Ranjona Banerji: Covid-19: After the foolhardy nonchalance comes the panic

13 Mar,2020

By Ranjona Banerji


It took one heartfelt speech by Tedros Adhanom Ghebreyesus, WHO director general, to make the world sit up and take the coronavirus named Covid-19 seriously. That’s governments, businesses, organisations, the media, the public. Groups at the forefront were obviously struggling. It was the word “pandemic” that galvanised the world.


But between the first news trickling in from China and Tedros’s declaration, lies the shadow. The first excuse would be that people have cried wolf so many times that Covid-19, which didn’t even have a name until recently, was just seen as one more overreaction and one more those viruses which were bad but not world class destroyers.

Well, after the foolhardy nonchalance comes the panic. And through all this, we did not see the world’s media investigate the virus, report on governmental action and inaction and dissect the measures taken to contain it.

I must excuse from this analysis TV channels like India’s Times Now. They ran a story on the night of March 12, which was advertised like this: “By limiting the number of fatalities to 74 with no casualties in a country of 1.3 billion people, has the @narendramodi Government been successful so far in its fight against Corona?” Because this is just plain adoration and in playground terms (when I was little at least) “sucking up”. Fate is a nasty creature as the Greeks warned us centuries ago and India announced its first fatality after this ad went up.

This article by The Economist analyses the progress of the disease and reactions to it.

“Few of today’s political leaders have ever faced anything like a pandemic and its economic fallout—though some are evoking the financial crisis of 2007-09 (see article). As they belatedly realise that health systems will buckle and deaths mount, leaders are at last coming to terms with the fact that they will have to weather the storm. Three factors will determine how they cope: their attitude to uncertainty; the structure and competence of their health systems; and, above all, whether they are trusted.

“The uncertainty has many sources. One is that SARS-CoV-2 and the disease it causes, covid-19, are not fully understood (see article). Another is over the status of the pandemic. In each region or country it tends to proliferate rapidly undetected. By the time testing detects cases in one place it will be spreading in many others, as it was in Italy, Iran and South Korea. By the time governments shut schools and ban crowds they may be too late.”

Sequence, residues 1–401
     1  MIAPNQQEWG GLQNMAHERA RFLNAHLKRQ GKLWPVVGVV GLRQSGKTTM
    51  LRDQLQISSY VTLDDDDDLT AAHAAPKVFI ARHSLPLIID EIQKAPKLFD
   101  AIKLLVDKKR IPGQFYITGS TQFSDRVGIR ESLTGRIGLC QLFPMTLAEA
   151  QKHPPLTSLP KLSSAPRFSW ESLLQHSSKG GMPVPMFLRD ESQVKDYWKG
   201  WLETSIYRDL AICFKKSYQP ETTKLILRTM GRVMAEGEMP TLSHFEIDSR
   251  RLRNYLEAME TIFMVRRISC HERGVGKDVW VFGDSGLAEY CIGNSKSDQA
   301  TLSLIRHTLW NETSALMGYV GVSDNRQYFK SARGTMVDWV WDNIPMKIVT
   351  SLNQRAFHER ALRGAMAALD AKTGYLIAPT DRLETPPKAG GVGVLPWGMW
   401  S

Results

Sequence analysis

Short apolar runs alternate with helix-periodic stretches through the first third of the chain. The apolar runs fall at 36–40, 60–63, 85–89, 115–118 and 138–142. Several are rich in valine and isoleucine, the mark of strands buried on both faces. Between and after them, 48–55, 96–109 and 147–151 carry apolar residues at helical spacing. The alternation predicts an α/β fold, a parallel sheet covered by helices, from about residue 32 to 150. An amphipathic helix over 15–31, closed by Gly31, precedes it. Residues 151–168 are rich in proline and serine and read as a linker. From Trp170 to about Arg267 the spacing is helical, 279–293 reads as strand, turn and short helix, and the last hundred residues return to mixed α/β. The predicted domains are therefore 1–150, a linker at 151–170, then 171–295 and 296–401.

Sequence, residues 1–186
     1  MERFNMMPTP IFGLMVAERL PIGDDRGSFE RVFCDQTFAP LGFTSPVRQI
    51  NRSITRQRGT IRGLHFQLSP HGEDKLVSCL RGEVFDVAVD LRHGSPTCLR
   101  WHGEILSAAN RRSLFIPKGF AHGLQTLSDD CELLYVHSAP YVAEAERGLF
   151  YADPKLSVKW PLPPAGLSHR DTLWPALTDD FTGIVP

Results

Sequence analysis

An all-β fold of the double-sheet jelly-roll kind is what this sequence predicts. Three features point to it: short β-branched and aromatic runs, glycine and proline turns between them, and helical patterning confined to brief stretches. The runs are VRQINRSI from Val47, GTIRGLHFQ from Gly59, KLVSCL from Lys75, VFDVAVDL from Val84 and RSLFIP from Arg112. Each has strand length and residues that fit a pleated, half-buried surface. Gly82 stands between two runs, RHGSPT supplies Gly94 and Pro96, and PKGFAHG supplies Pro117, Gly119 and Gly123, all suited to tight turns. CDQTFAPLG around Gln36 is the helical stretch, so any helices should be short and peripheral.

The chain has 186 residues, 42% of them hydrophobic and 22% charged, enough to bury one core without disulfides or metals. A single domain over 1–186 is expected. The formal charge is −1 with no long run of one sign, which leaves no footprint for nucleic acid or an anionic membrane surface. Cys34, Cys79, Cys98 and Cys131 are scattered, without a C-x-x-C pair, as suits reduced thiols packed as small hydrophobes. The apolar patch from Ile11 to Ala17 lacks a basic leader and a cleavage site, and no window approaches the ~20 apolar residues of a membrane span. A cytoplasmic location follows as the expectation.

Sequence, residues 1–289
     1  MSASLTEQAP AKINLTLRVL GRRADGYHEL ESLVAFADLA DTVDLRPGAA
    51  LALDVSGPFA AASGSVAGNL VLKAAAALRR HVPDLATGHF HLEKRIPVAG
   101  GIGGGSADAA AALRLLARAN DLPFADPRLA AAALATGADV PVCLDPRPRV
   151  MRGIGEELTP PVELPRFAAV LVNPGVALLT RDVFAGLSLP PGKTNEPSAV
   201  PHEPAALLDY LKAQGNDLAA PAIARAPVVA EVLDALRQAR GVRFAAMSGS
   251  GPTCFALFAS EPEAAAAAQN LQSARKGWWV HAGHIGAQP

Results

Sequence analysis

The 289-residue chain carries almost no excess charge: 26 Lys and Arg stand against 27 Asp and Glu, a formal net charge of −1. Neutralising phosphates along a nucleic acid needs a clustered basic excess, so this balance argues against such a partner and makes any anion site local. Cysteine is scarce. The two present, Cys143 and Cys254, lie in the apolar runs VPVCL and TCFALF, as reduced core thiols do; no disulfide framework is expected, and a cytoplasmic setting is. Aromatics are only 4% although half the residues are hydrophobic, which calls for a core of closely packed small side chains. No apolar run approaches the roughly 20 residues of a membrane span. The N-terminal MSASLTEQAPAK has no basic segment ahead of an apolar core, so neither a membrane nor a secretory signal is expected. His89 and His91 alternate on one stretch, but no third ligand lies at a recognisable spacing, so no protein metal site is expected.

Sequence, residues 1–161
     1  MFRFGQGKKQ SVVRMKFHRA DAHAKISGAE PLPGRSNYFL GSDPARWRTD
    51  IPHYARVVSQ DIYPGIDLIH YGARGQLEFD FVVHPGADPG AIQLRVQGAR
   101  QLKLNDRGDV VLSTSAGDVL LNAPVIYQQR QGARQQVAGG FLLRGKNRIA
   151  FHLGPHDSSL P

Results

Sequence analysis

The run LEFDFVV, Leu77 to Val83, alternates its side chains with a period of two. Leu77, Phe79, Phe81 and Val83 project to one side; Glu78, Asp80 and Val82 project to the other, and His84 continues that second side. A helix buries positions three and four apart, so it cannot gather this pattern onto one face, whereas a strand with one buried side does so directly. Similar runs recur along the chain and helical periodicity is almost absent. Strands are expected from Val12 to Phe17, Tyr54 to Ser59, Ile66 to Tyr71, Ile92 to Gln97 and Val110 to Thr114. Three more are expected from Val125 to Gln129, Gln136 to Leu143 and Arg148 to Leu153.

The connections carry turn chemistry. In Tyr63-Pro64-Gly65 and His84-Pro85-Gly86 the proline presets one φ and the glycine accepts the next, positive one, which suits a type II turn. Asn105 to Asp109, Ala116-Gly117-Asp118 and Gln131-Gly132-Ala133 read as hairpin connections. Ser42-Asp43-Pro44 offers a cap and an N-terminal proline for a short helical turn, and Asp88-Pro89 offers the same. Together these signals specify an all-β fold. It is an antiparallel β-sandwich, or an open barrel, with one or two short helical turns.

In India, inordinate attention was paid to the nonsense put out by proponents of the “cow dung and cow urine cures all” brigade, without adequate debunking. Not to mention various suggestions of useless preventives from the Ayush ministry. Close analyses of hospitals across India and the arrangements made to deal with a fast-spreading disease were missing. The fallout of this on the travel and tourism industry were ignored. Popular columnists put out ignorant and potentially dangerous personal views like India’s general filth made us immune to passing viruses. Was this an elliptical hint at the failure of Modi’s Clean India Mission? Hmm.

Because the general preoccupation of the government was the toppling of the Madhya Pradesh government, the media focus lay there as well. The world was a foreign place far away and we presumably live outside it. How many important and self-important journalists questioned the Modi government’s concentration on Madhya Pradesh while a pandemic loomed over the world?

Even when the government announced its various steps of stopping travellers coming in and enforced quarantine just after the WHO declaration, there was confusion. No one was sure of what the new regulations entailed. The constant stream of fake news on social media platforms added to the panic. What role did the media play in clearing the confusion, if any?

As the world shuts down, India’s Union health minister is all sanguine: Given our general capacity to deal with medical crises, how much to believe, who knows?



Ranjona Banerji is a senior journalist and commentator. She is also Consulting Editor, MxMIndia. Her views here are personal


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